Frontal fibrosing alopecia is another inflammatory condition that can cause hair loss at the front of the scalp, above the forehead, which is sometimes permanent.
Hair loss in women can also be due to the genes you get from your parents (known as hereditary hair loss).
The most common genetic type of hair loss is female-pattern hair loss, also known as androgenic alopecia – which can also be linked to hormones.
Like male-pattern hair loss, it often begins when you're in your 40s or 50s, and is gradual. Unlike male pattern baldness, female-pattern hair loss is thinning across the whole scalp.
Autoimmune disorders such as alopecia areata start with the sudden loss of round or oval patches of hair on the scalp, but any part of the body may be affected.
Cancer treatments and hair loss
Some cancer treatments can also cause hair loss.
When to see a doctor about hair loss
Hair loss and thinning hair can sometimes be a sign of a condition that needs treatment. You should see a doctor if:
- your hair loss is sudden
- hair is coming out in clumps
- you get bald patches
- your head burns and itches
- your hair loss is worrying you, making you feel low, knocking your self-esteem, affecting your social life or confidence
- you’re worried your hair loss might suggest an underlying condition
Research into the adverse psychological effect of losing your hair has linked it to low self-esteem, depression, introversion, and feelings of unattractiveness. Hardly surprising in our image-obsessed culture.
It’s important to let your doctor know if your hair loss is affecting your mood, as they may be able to offer support or suggest treatment.
Hair loss treatment for women
In many cases, female hair loss is temporary, and your hair will grow back without treatment. If it’s caused by a medical condition, it usually stops after you’ve recovered.
However, hair loss can be very upsetting, and you may want to find techniques and treatments to help. Some measures you can try yourself, while others involve a prescription or treatment by a medical professional.
Nutrients and supplements
If blood tests show you have an iron, have an iron, B12 or folate deficiency – all of which can affect hair growth – a supplement may be recommended.
Some supplements that are marketed for hair loss aren’t necessarily helpful, as they contain a lot of just one nutrient and can lead to you taking too much which can be harmful (unless recommended by your doctor).
You should be able to get all of these nutrients as part of a healthy balanced diet. If you don't think you are getting all the nutrients you need, you could consider a supplement like a multivitamin.
Wigs and concealers
If you want to cover up your hair loss, a wide range of synthetic and real-hair wigs are available, at various price points.
There are also sprays and powders that can conceal hair loss – they’re available in many pharmacies and beauty stores. They’re often known as concealers or keratin fibre sprays, or thickening sprays. You could ask a pharmacist or dermatologist for advice on the best ones to try.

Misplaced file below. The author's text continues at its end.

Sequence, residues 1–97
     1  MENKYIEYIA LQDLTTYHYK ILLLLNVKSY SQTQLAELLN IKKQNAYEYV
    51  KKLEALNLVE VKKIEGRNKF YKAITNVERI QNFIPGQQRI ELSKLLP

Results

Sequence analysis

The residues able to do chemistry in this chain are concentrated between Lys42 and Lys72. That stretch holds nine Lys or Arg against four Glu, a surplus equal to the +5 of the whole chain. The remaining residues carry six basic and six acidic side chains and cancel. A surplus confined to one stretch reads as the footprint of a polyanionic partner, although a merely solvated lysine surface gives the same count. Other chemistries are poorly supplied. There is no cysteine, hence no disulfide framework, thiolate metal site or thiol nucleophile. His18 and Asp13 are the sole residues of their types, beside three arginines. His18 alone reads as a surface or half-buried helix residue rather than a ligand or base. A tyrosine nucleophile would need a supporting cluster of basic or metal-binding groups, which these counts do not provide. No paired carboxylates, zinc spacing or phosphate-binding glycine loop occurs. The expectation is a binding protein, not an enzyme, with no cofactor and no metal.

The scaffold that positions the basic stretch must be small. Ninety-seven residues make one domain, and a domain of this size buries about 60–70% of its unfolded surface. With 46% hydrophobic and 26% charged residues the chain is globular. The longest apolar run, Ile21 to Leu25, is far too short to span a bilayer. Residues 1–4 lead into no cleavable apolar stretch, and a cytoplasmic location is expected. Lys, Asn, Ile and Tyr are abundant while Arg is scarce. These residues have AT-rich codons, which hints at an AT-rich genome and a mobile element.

Many people also use hair extensions, make-up or scarves to disguise hair loss. You might need to try out a few things to find what works for you.
Minoxidil is a lotion you apply to your scalp to encourage regrowth, which works best if it’s used in the early stages of hair loss. You can buy it from a pharmacy. Results can take 3 to 6 months, and once you stop using it your hair loss is likely to return.
Laser caps and combs can also be used to treat hair loss at home, as can micro-needling. However, there have been few studies on their effectiveness, so they’re unproven and can be expensive.
Essential oils and scalp massage
Some small studies have indicated that massaging the scalp with essential oils such as rosemary or peppermint oil in a carrier oil can help, but more research is needed. It’s also worth doing a skin test before you apply too liberally to check for an allergic reaction.
Medication from a doctor
Depending on what’s causing your hair loss, you may be prescribed antibiotics or antifungal medication, or a medicated scalp lotion such as one containing a steroid. Some of the medications used to treat hair loss are off-license.
You also may be given spironolactone or more rarely, finasteride, which is only available on private prescription. These treatments help by blocking the side effects of hormones like testosterone. Sometimes you might use the minoxidil lotion together with tablets.
Spironolactone is a prescribed treatment for female-pattern hair loss. It can help stop hair loss and increase the thickness of the hair you still have.
Depending on the cause of your hair loss, a medical procedure may be an option. These can be effective but are often expensive. Options include:
- corticosteroid injections
- laser therapy
- hair transplant
- platelet-rich plasma
A hair transplant is usually a one-off session (unless you’re having a lot of hair transplanted), while the other treatments will need multiple sessions.
Losing your hair can have a big effect on your wellbeing and how you feel about yourself. You might find it helpful to talk to someone about how you’re feeling, such as a close friend or family member, or a support group.
Read more coping tips for women with hair loss.
Your health questions answered
Does the Mirena coil cause hair loss?
“The Mirena coil is a type of contraception called an intrauterine system (IUS) – a small device that fits in your womb and releases a progesterone-like hormone. It’s also sometimes used to as part of HRT for menopause (read about the Mirena coil and the menopause).
Like any medicine, it can cause side effects, and in rare cases, this may include hair loss. Mirena product packaging lists hair loss as a side effect reported in less than 5% of people. If you’re using Mirena and you notice hair loss, see a doctor so they can check the cause and advise you about your options." – Answered by: Healthily’s medical team